Today was one of my favorite running events: the Breakfast on the Track. This event consists of a mile track race run in heats. That is the track part. Pancakes and watermelon are served as well. That is the breakfast part.
I’ve never been much of a miler, although my father set a record for his highschool in that event (without training and wearing baseball spikes-he did it because someone said he wasn’t very fast). Back in high school, I could run a 5 minute mile and in college I could break 5 minutes easily. However, I was much better at running 5Ks, 5 miles (cross country) and 10Ks. When I first moved to Tallahassee, I could still run a sub 5 minute mile. These days, not so much. Fortunately, while age slows a person down, it also grants wisdom.
Watching the mile heats, I realized that all people saw was how well (or poorly) a person happened to be doing in his or her heat. Since blazing speed is no longer a viable option for me, I decided that I’d go for the illusion of speed by entering a heat that I stood a chance of winning rather than one where I’d be dead last.
So, I entered the 5:40-6:00 mile heat. I got boxed in at the start, and ended up running about 200 yards before I could surge around people and take the lead. Fueled by the adrenalin rush of doing something a bit stupid, I took quite a commanding lead. Naturally, that did not last and people were starting to close in on me. Fortunately, while age has robbed me of the speed of the wings of my youth, my pain tolerance and will are doing just fine. I refused to yield and increased my speed for the final lap. One person decided that he was going to go for the win and surged, but was unable to get by me. Victory, at least in my heat, was mine.
Afterward, my friends said that they were sure I was going to fall apart on the last lap, since I had burned up so much in the first lap. This was actually reasonable on their part. For the past few years I’ve had that problem-I just ran out of go juice near the end of races. However, I’m regaining a lot of my old endurance and have been able to use my old strategy. Even in my prime, I was not a speed racer. Rather, I relied on toughness and pain tolerance. Once I got into the lead, I’d not let it go and anyone who tried to get past me was in for a battle.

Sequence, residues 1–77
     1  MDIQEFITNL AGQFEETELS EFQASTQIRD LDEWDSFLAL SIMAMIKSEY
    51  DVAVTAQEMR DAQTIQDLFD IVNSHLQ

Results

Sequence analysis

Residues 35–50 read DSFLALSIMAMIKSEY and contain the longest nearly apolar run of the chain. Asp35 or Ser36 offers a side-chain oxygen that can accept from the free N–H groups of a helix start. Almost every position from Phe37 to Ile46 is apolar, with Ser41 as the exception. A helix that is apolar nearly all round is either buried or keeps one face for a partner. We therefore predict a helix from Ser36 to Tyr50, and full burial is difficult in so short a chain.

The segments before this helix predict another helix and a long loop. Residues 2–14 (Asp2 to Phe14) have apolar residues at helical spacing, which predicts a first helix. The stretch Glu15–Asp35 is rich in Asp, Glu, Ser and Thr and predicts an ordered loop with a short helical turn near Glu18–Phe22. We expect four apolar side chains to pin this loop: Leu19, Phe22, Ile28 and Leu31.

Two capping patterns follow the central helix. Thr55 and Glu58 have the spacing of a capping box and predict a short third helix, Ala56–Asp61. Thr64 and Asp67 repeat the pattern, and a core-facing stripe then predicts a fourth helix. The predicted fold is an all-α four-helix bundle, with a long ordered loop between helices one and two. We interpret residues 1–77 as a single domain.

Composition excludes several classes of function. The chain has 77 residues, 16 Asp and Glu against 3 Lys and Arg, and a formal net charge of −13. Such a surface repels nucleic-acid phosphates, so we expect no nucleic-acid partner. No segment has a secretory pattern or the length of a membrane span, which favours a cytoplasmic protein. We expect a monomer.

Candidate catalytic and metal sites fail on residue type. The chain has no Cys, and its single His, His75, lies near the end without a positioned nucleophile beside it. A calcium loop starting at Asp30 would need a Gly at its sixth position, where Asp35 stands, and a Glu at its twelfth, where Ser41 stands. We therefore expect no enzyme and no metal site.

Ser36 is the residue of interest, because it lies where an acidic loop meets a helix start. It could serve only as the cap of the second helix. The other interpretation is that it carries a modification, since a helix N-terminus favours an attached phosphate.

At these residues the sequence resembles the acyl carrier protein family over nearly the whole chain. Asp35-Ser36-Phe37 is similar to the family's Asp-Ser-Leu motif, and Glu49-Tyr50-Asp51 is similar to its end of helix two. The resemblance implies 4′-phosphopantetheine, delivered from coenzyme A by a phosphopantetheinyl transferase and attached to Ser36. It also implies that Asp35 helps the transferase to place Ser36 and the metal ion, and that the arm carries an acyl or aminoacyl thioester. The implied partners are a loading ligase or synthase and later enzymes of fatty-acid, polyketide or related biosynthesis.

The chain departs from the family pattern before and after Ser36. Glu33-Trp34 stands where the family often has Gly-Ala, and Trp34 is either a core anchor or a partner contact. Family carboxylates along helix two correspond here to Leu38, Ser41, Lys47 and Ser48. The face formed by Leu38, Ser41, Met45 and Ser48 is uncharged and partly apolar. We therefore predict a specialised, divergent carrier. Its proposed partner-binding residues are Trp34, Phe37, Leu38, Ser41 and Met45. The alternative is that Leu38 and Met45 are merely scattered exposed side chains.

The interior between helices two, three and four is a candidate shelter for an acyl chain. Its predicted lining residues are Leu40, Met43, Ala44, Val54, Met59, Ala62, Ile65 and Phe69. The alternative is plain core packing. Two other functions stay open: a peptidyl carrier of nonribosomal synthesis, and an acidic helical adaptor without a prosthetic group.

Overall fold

Interestingly, the battle between runners is not always about speed. Logically, the faster runner should always win, but running is more complex than that. True, the person who gets across the line first wins, but this is not just a matter of being able to have a better top speed than someone else. Racing also involves resource utilization. In racing, one main resource is physical: how much energy do you have in your body? Another resource is will: how much can you endure? Tactical running involves using those resources effectively within the race and trying to get other people to use their resources less efficiently.
For example, when I ran cross country in college, there were people who had better top speeds than I. They could easily beat me on a flat stretch. However, cross country involves terrain that can be used against other runners. One specific terrain feature is the hill. Going up a hill is tough and going down hills can be challenging. I learned quickly that I could use hills to chew up the resources of other runners. If someone was faster than me on the flats, I’d fight them on the hills. Going up the hill, I’d push them so that they were using up their energy and will faster than they desired. Going down the hill, I’d push it as hard as I could, trying to get a lead and demoralize them (I’m weirdly good on downhills). I also found that I had a second, third, and fourth wind: I could push really hard and then recovery very quickly. This helped a great deal against people who recovered slower. Once we got to the flats, their better speed would come into play, but they would have less to work with because of the previous battles. If they made the mistake of running my race, I could usually beat them.
Different runners have different strengths and weaknesses. Racing well requires knowing yourself and how to maximize your strengths and minimize your weaknesses. These qualities do tend to change with time, so you need to re-assess regularly. For example, I used to be great at running uphill. Despite the fact that I run on hills everyday and do regular hillwork, I now really suck at running up hills. Fortunately, I’m still wicked on the downhill (no fear of death + strong knees and legs) and can use that to my advantage. As with all of life, it is a matter of doing the best with what you’ve got.
Greg Dawson says
This is great! I definitely do not have speed on the first or last lap… I’m a huge fan of steady and strong. I guess the best part about running is that anyone can do it… fast or slow!
Love the post.
Michael LaBossiere says
That is a great aspect of running. Going along with that is the fact that runners are generally very accepting of all sorts of abilities. For example, a friend of mine was interested in racing but she said she was afraid that people would make fun of her because she was slow. I assured her that people would actually be cheering loudly for her-as she found out. That sort of support for everyone is yet another reason I love running.
On a negative note, my once strong knee has failed me (or rather, I failed it) and I’ll be out of the running for a while (most likely after surgery and rehab). When I finally return, I’m looking forward to people cheering me as a slowly head towards the finish line. 🙂
I didn’t know your dad was such a running stud back in the day.